On the evening of June 10, 1851, the committee's charge was put to test when John Jenkins stole a safe from a store on Long Wharf. He was taken to the rooms of the Vigilance Committee, on Battery Street, near the corner of Pine Street. The bell sounded, and 80 members of the committee hurried to the site, gave the password, and examined evidence for two hours. The prisoner was found guilty and condemned to hanging. An armed committee proceeded to the plaza where a crowd of more than 1,000 people soon assembled to watch the first act of "justice" by the Vigilance Committee. 

A coroner's inquest was held. The Jurors of a Jury of Inquest returned the following verdict:

San Francisco Vigilantes.

"We, the Jurors . . . do find upon our oaths that the said Jenkins, alias Simpton, came to his death . . . by violent means, by strangulation, caused by being suspended by the neck . . . at the hands of, and in pursuance of a preconcerted action on the part of association of citizens, styling themselves a Committee of Vigilance, of whom the following members are implicated by direct testimony, to wit: Captain Edgar Wakeman, William H. Jones, James C. Ward, Edward A. King, T.K. Battelle, Benjamin Reynolds, John S. Eagan, J.C. Derby and

To give moral support to the parties singled out by the verdict of the jury, members of the Committee decided as a body to publish a list of members in attendance. Following is that list, which is only a portion of the people who made up the Vigilance Committee. Membership grew dramatically over the concerns of the lawlessness of San Francisco.

S.E. Woodworth Jesse Southam James Shinaler A. Wheelwright
Fred. A. Woodworth T.H. Robinson J.W. Rickman C.F. Fourgeaud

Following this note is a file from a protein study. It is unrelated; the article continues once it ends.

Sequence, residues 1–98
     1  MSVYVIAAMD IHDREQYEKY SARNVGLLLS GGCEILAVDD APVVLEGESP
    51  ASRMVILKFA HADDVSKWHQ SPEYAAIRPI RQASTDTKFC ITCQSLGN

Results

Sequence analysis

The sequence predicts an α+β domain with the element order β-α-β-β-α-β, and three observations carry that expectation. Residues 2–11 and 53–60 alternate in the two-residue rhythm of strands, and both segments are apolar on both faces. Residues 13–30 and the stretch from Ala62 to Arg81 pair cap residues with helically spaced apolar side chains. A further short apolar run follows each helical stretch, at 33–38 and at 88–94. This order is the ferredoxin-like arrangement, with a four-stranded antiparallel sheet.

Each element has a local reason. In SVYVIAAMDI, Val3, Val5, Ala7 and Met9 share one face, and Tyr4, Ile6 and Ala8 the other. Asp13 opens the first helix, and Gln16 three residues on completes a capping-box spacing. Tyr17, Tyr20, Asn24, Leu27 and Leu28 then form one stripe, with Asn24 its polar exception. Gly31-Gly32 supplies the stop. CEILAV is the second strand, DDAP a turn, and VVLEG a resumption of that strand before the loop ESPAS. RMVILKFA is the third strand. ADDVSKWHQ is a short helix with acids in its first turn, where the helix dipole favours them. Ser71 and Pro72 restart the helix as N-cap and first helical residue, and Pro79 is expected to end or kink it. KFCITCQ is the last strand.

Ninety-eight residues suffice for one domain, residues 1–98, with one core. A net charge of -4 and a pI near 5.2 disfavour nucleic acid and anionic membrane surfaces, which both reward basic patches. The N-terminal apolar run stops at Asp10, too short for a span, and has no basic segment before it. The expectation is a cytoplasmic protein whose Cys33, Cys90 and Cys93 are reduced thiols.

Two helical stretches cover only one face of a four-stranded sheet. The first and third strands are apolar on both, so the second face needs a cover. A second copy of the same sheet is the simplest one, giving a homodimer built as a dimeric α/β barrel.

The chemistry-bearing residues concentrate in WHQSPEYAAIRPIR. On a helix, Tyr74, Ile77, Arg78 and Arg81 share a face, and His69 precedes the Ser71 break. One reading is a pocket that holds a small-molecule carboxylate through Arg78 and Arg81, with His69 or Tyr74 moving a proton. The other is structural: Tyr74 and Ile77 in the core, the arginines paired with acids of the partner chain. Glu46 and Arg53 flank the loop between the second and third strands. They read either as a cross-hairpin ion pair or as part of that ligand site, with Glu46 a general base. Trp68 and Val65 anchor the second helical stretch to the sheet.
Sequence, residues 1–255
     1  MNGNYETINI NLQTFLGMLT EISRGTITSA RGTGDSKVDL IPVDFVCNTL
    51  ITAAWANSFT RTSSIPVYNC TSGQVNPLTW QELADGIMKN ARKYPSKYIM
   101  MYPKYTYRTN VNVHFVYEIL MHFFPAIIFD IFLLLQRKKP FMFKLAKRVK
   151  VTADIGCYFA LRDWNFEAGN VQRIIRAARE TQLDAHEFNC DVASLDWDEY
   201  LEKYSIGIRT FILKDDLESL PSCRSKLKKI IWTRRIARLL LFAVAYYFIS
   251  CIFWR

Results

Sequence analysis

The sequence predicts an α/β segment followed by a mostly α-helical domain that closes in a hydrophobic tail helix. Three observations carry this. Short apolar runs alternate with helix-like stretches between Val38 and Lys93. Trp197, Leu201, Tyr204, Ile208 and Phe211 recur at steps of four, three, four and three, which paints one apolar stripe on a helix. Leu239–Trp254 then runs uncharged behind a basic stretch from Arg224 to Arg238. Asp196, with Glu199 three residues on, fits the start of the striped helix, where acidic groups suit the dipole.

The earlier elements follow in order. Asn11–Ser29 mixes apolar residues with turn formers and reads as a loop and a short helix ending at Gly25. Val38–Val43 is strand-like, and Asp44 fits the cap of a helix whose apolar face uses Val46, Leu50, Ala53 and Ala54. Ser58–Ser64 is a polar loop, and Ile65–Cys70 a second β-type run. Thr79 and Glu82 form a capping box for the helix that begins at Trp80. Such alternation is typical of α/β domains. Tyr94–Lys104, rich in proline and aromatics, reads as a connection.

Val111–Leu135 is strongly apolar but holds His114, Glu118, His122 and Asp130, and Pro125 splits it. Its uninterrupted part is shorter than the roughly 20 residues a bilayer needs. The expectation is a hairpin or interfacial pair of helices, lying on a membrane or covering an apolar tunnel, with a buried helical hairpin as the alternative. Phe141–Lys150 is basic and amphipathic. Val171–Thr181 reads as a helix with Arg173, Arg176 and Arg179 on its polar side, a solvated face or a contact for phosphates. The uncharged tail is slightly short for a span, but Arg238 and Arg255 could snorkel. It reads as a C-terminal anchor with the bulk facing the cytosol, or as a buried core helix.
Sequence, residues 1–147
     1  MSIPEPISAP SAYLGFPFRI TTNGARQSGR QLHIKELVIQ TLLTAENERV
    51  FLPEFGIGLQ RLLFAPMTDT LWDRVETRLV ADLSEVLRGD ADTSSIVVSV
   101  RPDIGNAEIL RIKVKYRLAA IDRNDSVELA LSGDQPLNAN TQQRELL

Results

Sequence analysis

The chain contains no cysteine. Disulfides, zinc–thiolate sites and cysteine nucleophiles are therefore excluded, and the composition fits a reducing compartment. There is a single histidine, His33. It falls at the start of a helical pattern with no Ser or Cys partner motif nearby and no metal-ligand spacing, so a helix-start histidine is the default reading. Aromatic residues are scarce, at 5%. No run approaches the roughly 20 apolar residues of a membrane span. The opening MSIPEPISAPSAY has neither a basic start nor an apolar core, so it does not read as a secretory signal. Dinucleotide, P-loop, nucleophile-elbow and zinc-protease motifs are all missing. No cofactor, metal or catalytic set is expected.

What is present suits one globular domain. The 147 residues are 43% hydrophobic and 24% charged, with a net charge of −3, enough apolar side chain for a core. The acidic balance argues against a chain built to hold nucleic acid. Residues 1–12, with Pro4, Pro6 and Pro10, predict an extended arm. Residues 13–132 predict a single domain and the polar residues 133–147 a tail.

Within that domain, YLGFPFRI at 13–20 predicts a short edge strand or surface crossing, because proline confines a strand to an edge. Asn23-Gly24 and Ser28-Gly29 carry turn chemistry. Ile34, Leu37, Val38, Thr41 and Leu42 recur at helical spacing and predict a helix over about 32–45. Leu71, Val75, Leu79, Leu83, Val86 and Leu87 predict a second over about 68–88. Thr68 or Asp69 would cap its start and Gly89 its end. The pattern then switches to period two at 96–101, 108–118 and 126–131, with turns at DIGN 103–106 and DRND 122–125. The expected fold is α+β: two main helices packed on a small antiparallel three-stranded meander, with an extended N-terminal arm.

Francis E. Webster George R. Ward W.S. Bromley A. Jackson McDuffle
Wm. N. Thompson C.L. Wilson A. Ottenheimer P.D. Headley
Clinton Winton W.H. Taber B.H. Davis S.B. Marshall
James B. Huie Isaac Bluxome, Jr. P. Frothingham H. Hazeltine
B. Frank Hillard Lathrop L. Bullock E.E. Schenck W. Iken
S.W. Haight John W. Rider Geo. Austinworn George D. Lambert
George H. Howard Theodore Kuhlman E. Botcher John P. Half
Caleb Hyatt Joseph E. Dale Samuel Marx Jospeh T. Harmer
Samuel R. Curwen Julius D. Shultz Daniel J. Thomas, Jr. J. Seligman
James F. Curtis J.P. Stevens J.E. Farwell H.F. Von Lenyerk
L. Hulsemann Thomas McCahill Jacob P. Leese J.E. Derby
A.G. Randall Wm. Peake Edgar Wakeman T.J. West
S. Brannan Jonas Minturn A. Markwell Wm. T. Coleman
George J. Oakes Lloyd Minturn Samuel A. Sloane J.S. Clark
Wm. H. Jones Wm. Forst Henry M. Naglee Herman R. Haste
Edward A. King John W. Jackson J. Thompson Huie H.F. Teschemacker
William A. Howard A.C. Tubbs Otis P. Sawyer Wm. J. Sherwood
Henry Dreshchfeldt J.R. Curtis Wm. Meyer W.L. Hobson
James Ryan A.H. Hill W.N. Hostin E.W. Travers
Wm. Browne Wm. H. Graham John G. McKaraher W.H. Tillinghast
Robert Wells B.E. Babcock Eugene Hart Wm. Langerman
H.D. Evans J.A. Fisher John Raynes J.F. Hutton
John J. Bryant Hartford Joyh J.C. Treadwell Thos. K. Battelle
E. Kirtus Joshua Hilton John H. Watson Horace MOrrison
Thos. N. Deblois John F. Osgood Wm. Burling Augustus Belknap
E. Gorham James Pratt F. Quincey Coale F.L. Dana
Frank S. Mahoney E. Kemp Thomas N. Cazneau Horatio S. Gates
James C. Ward Wm. G. Badger Geo. W. Douglass O.P. Sutton
R.S. Watson J. Mead Huxley Wm. C. Graham Jer. Spadling
George Mellus S.J. Stabler Charles H. Vail A.J. Ellis
J.D. Stevenson Geo. Clifford Charles Minturn John M. Coughlin